THREE MEN AND A LITTLE LATTE Gallo, right, holds court with, from left, Rodrigo De La Serna and Ehrenreich.
THREE MEN AND A LITTLE LATTE Gallo, right, holds court with, from left, Rodrigo De La Serna and Ehrenreich.
  • Film
  • Recommended



4 out of 5 stars

Time Out says

Is this the one—a long-awaited new classic from the master? Close enough. Tetro expands on the buoyant sensations of writer-director Francis Ford Coppola’s previous film—the origins-of-language love story Youth Without Youth (2007)—even as its twists and turns feel less spontaneous, more pro forma. This is a straight-hewn sins-of-the-father tale (a Coppola old reliable) that is at times dulled by its narrative inevitabilities. But though there’s less improvisatory wonder, it’s a small price to pay for the sight of a revivified artist expressing his lifelong obsessions with supreme control and confidence.

Coppola introduces Tetro (Gallo) gazing intently at an irradiant desk lamp, a sense-stirring bauble that attracts both his deer-in-the-headlights stare and an agitatedly buzzing moth. Sight and sound intermingle, as do past and present—whatever this self-exiled artist is remembering is more than vaguely unpleasant, yet complicated by memory’s haze. Tetro’s subconscious knot is fervently shared with his younger brother, Bennie (Ehrenreich), who has sought out his long-lost sibling while on furlough in Argentina.

Bennie, in his gleaming Querelle-esque sailor suit, is all easily corruptible innocence, but Tetro treats him with a coldness born of harsh experience. The brothers’ highly regarded yet exceedingly cruel composer father, Carlo (Klaus Maria Brandauer), nearly quashed his eldest son’s artistic aspirations. Because of this, Tetro’s rejection of Bennie comes off as a futile attempt to ward off conflict by preserving the younger man’s purity. Yet the blows and betrayals must come—this is a Coppola film, after all. The conduit is Tetro’s unfinished autobiographical novel, written in code and hidden away in a battered suitcase, which Bennie discovers and takes upon himself to complete.

Coppola excels at what might be termed the cinema of inadequacy. His great theme is the failure of a given era’s generational elite to live up to the examples of their forebears, however reprehensible the accomplishments. Carlo bedevils his son like Mr. Scratch does Daniel Webster, but he’s only part of a much larger problem. It’s the arts themselves that weigh on Tetro, from the aria that his mother (Adriana Mastrngelo) sings in the final moments of her life to the Powell-Pressburger film (The Tales of Hoffman) that he watches with Bennie in more stable times.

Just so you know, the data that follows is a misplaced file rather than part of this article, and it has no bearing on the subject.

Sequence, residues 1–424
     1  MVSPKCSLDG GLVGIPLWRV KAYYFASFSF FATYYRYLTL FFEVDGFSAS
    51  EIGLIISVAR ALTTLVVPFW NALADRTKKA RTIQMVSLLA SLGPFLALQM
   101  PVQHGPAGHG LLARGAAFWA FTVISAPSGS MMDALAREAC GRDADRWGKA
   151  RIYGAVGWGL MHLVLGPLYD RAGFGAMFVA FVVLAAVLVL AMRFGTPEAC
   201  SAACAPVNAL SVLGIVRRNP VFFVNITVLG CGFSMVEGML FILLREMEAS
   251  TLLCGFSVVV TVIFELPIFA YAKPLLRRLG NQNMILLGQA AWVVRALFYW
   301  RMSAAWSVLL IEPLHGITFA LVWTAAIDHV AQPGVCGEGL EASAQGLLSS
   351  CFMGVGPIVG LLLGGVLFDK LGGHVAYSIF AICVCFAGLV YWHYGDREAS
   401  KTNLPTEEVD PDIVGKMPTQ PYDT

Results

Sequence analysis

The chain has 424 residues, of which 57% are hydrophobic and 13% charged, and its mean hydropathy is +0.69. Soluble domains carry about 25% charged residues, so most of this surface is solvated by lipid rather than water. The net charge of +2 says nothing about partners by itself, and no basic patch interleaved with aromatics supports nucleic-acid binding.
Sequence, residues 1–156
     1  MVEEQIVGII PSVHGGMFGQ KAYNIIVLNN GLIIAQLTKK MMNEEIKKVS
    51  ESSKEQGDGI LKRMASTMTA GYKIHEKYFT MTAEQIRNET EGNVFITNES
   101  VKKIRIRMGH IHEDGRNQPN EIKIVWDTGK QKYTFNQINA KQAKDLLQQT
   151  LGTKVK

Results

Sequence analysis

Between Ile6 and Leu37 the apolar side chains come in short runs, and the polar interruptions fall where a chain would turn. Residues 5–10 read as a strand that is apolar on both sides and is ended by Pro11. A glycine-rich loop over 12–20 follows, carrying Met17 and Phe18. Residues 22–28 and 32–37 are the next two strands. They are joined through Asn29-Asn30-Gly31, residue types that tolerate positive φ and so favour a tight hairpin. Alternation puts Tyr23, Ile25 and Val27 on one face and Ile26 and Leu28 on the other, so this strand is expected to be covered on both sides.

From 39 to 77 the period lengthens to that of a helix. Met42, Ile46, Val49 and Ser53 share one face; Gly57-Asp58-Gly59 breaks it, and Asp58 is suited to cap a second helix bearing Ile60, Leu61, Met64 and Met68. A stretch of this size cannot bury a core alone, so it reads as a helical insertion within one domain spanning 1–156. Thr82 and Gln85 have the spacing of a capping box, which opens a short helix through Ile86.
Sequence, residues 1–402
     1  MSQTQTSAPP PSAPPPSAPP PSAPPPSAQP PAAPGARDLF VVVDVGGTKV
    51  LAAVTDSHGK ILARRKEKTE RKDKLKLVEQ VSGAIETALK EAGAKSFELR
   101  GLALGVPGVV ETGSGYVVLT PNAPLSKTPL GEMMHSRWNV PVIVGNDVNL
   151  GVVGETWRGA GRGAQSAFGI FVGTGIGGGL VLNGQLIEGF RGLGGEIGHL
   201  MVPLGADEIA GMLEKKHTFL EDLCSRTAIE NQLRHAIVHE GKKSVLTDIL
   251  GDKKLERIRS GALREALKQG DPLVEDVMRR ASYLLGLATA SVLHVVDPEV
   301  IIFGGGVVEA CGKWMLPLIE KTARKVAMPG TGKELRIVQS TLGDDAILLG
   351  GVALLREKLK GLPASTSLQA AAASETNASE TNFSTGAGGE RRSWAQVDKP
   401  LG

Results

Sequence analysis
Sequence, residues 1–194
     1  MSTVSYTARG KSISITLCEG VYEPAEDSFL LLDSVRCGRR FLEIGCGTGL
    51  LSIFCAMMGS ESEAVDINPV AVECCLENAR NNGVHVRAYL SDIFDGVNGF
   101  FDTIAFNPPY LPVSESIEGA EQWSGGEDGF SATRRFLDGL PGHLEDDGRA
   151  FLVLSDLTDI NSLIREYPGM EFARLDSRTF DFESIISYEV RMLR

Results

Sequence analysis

Gallo’s soft, breathy voice and hunched, heroin-chic frame belie the unpredictable intensity that simmers just out of sight. He’s the perfect performer to realize Coppola’s intentions. It’s frightening when this hollow-eyed thespian erupts, but he’s even more daunting in silence, when merely looking about, as he does here, with a potent mixture of awe and uncertainty.

His character’s journey is mostly one of retreat, of movement away from the blinding glare of the divine to the more private, darkened spaces of the self. It all comes back to light: Whether emanating from a common desk lamp or glimmering off the reflective Patagonia mountains, light is Tetro’s mock-mystical albatross. It teases and tortures him, promises revelation where none can be had—a fascinating reversal-cum-perversion of cinema’s tendency toward redemption and illumination. This often rugged struggle is mirrored in Mihai Malaimare’s simultaneously attractive and repellent hi-def cinematography, which shifts between a widescreen black-and-white present of deceptive luminosity and a window-boxed--color past heavy with murky grain.

Tetro is hyperengaged with this tactile world around him, but he slowly comes to realize that there is little satisfaction and even less comfort to be had in his artistic and familial experiences. This is an awareness that Coppola himself has attained, having had his fair share of peaks and valleys in both life and career. Some have called Tetro a return to form, but it’s more the work of a man who has gone over the proverbial edge and lived to tell about it. Much like Tetro and Bennie in the film’s final scene, Coppola has been swallowed whole by darkness and yet attained a necessary clarity that may otherwise have evaded him. It could be said, strangely enough, that the abyss was never so enlightening.

Tetro opens Thu 11 at Landmark Sunshine. Find showtimes

More new Film reviews

You may also like
You may also like